I never updated my “loyal readers” (both of them?) about my “horrible hard drive experience” from April. This is where I purchased a good Seagate 300GB IDE hard drive and futilely tried to install it in my Dell Dimension 8250.
After that experience, presuming that my hard drive was bad, I went back to Fry’s and exchanged it for an identical hard drive. At first, I patted myself on the back, thinking that I correctly solved the problem. Nope. Not very long into using this new drive, I got the same blue screens of death (BSOD). Argh!
A neighbor let me borrow his PCI IDE card. (This is an add-on card that lets you hook up more hard drives.) The thinking was that the built in hard drive controller had some problem understanding 300GB hard drives. Again, nope. Even with this additional controller, I still got the stinkin’ BSODs! Clearly there is something about my system that doesn’t like large hard drives. What we figured is that when my hard drive is asked to seek past a certain, unknown point, something in the system crashes. I figure it is probably the BIOS or chipset.
Shortly after that, I sold the 300GB hard drive to a friend, and he’s happy with it.
Other updates from that April article:
- The video driver BSOD is almost certainly a “false positive” caused by the hard drive. I think the video driver is fine. The same driver is on my old installation on my 80GB hard drive. I could not find anything on Google to suggest a bad driver.
- I got the $20 rebate fixed–in two steps. I got the correct $50 rebate paperwork from Fry’s and sent it in. However, Seagate’s rebate processor only recognized it as a $40 rebate! Huh? Fortunately, Fry’s fought that for me, and I received a $40 and $10 check in the mail a few weeks later. Fortunately for the guy who bought my hard drive, he didn’t have to mess with this fiasco. He got the post-rebate price, and he didn’t have to pay tax, either.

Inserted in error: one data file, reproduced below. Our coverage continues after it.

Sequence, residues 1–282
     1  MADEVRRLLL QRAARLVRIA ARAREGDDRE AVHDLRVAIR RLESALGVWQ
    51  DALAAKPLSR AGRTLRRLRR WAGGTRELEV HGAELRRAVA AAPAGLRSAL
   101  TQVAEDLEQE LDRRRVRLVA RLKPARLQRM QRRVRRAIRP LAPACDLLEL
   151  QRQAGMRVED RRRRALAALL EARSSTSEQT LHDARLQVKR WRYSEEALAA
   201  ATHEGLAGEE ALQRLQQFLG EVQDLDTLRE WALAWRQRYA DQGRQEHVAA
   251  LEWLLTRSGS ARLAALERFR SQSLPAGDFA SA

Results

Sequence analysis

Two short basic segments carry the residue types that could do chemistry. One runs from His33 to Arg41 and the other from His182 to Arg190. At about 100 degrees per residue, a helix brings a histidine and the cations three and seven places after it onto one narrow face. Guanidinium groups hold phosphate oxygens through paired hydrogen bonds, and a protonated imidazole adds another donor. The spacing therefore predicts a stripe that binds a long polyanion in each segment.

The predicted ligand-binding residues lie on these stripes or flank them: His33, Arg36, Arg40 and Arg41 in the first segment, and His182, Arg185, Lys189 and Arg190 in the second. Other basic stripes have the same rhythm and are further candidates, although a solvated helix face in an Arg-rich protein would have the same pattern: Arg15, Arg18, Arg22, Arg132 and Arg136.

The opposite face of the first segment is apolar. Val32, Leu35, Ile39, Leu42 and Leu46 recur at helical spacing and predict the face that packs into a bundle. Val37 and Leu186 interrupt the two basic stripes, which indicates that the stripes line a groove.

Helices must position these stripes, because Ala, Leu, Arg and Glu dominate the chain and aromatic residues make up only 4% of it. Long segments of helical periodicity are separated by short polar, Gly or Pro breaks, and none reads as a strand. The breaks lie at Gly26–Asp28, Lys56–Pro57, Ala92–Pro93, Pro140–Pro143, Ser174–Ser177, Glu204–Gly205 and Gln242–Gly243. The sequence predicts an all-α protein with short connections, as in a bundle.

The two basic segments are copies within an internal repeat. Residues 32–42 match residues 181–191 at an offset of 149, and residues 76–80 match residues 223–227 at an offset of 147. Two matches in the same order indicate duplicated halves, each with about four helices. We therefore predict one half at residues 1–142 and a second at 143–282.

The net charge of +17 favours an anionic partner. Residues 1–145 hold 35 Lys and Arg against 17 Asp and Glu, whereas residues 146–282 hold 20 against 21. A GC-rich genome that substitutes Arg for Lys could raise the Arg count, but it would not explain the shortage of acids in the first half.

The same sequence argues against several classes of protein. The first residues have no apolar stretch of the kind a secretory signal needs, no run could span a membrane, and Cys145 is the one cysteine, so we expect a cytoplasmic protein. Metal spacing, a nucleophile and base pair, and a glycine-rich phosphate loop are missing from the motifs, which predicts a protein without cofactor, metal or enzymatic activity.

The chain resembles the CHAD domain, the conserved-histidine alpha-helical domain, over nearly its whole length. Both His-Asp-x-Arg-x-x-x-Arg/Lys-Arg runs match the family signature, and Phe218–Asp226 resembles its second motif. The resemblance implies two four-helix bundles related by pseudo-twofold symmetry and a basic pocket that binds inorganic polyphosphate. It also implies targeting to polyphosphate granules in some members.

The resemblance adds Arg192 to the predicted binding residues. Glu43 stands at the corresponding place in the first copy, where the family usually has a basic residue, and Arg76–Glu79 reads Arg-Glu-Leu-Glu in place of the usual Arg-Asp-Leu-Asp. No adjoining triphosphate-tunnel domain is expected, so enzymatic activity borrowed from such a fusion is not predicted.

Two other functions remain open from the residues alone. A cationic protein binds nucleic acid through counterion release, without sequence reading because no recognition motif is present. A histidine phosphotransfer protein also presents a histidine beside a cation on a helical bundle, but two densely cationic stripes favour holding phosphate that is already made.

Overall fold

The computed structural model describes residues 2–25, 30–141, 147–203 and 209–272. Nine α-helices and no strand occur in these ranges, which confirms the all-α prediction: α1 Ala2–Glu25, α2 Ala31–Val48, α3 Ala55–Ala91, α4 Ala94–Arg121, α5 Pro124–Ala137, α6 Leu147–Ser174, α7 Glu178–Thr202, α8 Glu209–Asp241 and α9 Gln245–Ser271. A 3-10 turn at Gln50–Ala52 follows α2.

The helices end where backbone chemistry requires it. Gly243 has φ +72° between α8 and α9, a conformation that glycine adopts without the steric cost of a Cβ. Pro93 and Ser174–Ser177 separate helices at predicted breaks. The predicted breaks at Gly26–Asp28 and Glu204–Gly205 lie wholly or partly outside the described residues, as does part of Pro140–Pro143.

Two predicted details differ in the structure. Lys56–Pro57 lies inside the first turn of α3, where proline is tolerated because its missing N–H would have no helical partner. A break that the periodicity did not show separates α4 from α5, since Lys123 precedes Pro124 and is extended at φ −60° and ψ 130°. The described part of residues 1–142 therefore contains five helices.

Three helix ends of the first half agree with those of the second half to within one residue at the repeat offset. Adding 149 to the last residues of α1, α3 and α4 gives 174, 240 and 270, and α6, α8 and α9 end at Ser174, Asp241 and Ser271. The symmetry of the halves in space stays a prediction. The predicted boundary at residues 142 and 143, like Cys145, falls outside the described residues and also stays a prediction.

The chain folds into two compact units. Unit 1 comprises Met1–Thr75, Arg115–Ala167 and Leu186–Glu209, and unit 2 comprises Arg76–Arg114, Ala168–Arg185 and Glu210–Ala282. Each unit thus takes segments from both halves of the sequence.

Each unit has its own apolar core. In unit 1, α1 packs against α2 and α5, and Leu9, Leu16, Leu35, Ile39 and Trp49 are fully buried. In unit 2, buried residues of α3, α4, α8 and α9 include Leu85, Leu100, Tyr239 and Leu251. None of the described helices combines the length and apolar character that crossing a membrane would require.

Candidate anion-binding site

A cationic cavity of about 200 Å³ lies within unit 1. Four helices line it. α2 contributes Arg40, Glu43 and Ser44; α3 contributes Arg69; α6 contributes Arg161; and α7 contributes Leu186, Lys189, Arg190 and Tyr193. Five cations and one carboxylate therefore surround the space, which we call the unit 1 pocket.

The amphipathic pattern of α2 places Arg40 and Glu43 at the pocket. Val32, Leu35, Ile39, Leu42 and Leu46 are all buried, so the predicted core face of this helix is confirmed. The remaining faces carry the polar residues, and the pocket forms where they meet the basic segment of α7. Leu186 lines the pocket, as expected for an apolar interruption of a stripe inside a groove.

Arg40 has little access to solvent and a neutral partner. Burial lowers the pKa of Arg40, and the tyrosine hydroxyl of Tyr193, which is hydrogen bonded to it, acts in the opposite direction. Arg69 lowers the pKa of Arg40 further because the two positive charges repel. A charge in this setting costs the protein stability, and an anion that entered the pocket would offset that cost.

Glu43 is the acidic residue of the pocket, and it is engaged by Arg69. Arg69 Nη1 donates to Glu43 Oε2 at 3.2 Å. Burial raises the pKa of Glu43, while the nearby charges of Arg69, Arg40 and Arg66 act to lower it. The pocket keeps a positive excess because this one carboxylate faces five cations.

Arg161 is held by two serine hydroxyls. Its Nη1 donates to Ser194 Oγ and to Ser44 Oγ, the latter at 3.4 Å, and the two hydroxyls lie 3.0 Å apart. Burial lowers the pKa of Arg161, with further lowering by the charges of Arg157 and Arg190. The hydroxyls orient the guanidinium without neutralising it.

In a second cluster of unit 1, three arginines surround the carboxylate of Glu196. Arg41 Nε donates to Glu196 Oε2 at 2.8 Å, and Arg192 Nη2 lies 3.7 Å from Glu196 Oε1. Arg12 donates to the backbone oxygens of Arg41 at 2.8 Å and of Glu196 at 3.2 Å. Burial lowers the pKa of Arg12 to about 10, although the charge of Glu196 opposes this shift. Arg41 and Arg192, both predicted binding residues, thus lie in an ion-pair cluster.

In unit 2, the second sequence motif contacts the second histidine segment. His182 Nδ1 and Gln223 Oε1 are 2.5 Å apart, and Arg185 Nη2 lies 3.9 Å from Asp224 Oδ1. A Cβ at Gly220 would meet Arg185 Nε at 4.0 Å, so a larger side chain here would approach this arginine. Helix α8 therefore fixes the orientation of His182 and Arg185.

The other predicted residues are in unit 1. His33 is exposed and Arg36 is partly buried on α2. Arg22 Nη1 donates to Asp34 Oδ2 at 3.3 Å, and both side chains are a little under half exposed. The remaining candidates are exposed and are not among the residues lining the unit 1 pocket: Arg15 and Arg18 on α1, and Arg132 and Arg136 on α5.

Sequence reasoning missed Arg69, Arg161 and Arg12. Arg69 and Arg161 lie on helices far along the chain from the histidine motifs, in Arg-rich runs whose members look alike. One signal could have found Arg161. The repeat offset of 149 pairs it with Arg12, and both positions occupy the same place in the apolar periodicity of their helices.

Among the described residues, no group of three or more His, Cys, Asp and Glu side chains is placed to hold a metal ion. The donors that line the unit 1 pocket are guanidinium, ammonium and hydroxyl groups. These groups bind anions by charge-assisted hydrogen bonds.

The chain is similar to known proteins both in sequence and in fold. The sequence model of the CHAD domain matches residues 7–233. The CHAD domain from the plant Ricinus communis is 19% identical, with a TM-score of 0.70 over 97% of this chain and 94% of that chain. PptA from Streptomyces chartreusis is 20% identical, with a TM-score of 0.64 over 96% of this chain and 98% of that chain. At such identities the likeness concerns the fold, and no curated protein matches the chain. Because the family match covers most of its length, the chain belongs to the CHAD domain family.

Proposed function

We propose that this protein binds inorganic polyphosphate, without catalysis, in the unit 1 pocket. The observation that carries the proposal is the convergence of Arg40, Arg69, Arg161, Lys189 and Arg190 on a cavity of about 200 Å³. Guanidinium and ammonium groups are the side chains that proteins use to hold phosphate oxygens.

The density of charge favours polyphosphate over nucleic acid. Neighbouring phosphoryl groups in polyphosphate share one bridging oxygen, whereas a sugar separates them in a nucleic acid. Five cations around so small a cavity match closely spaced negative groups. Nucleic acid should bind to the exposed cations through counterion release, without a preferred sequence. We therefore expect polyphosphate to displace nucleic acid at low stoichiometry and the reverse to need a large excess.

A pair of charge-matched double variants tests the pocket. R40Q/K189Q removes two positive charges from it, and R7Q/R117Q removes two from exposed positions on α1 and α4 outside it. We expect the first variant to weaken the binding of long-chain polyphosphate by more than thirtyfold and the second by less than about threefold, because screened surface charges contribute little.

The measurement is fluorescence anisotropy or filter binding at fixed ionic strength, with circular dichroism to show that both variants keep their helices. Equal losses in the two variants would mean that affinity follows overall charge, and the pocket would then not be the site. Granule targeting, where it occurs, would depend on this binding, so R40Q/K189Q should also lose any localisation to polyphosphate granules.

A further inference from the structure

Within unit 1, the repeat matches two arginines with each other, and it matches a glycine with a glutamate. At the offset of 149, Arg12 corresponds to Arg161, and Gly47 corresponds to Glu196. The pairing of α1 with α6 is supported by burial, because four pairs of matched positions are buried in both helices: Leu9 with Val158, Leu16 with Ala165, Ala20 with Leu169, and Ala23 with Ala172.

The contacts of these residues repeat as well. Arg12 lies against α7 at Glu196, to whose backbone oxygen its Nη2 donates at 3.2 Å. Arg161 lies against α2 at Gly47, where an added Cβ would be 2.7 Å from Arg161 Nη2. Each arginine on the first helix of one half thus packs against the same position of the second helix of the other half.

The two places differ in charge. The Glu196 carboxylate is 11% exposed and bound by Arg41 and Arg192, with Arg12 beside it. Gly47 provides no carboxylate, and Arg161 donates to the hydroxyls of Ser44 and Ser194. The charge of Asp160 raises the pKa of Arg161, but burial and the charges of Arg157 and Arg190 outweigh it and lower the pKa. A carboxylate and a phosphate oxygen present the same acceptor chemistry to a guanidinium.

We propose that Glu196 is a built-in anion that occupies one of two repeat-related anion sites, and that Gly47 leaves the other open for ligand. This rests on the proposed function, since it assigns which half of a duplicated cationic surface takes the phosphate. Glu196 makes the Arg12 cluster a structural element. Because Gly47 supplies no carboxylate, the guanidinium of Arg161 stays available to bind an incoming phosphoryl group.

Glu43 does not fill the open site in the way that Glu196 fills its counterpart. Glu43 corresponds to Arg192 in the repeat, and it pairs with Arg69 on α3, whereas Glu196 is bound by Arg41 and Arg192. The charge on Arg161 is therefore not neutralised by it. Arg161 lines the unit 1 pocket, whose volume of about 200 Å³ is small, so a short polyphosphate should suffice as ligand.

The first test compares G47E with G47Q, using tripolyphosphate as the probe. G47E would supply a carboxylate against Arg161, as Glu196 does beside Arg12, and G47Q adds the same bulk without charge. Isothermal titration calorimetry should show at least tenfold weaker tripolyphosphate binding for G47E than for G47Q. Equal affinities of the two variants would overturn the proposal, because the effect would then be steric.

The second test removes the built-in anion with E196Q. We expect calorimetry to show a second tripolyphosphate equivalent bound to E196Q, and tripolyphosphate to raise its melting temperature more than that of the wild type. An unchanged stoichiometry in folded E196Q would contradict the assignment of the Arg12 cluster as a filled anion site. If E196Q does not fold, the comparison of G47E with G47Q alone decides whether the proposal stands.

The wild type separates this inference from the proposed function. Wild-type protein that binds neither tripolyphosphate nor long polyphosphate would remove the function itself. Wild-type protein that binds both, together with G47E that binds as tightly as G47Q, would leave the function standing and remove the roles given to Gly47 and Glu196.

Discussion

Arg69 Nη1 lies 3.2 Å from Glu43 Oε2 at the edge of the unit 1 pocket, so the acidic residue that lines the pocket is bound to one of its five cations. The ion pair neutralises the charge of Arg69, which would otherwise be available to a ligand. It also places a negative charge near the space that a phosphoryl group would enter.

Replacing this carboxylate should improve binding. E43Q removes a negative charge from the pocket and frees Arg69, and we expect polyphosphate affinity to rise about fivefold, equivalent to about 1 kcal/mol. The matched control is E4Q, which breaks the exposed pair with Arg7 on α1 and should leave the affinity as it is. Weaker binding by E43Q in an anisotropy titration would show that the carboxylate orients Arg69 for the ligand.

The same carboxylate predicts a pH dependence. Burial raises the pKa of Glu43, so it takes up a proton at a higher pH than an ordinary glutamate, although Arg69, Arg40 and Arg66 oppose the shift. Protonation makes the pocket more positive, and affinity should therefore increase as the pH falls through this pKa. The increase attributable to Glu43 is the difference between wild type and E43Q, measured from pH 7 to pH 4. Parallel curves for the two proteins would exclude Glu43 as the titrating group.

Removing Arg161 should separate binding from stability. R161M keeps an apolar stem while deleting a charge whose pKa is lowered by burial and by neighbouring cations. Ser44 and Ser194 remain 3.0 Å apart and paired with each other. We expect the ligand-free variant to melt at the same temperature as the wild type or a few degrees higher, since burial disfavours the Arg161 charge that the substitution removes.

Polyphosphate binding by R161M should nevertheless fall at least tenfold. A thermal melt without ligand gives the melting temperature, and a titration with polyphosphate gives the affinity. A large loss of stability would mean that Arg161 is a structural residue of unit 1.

Fast forward to a few weeks ago. Searching through Dell’s site, I discover that Dell says the largest hard drive it tested on an 8250 is 200GB. So I dutifully wait for sales on large hard drives no more than 200GB. Eventually, CompUSA had a Seagate 200GB IDE hard drive for $0.25 per GB. (This drive is in fact almost identical to the earlier 300GB model except for its size.)
Brought it home, set it up, installed Windows, and dang it, the system crashes again, and in the same way!
At this point, I had “had it” with this Dell. It’s almost impossible to upgrade: neither reasonable hard drive upgrade worked, and there is no telling how many more hard drive purchases and returns I would need to do before finding a working solution; it needs another RAM upgrade with spiffy, expensive RDRAM; its 2.4GHz Pentium IV is already chugging; and the 80GB hard drive is almost full.
I girded my loins for a small spending spree.
Deciding what to get took some research. First I compared building my own system to buying a complete system. I couldn’t find a complete system that has exactly what I need. Since I am already licensed for Windows XP through SMU’s “work at home” provisions of our Microsoft software license, I didn’t need Windows. So these Windows installs were adding about $75-$100 to any complete system.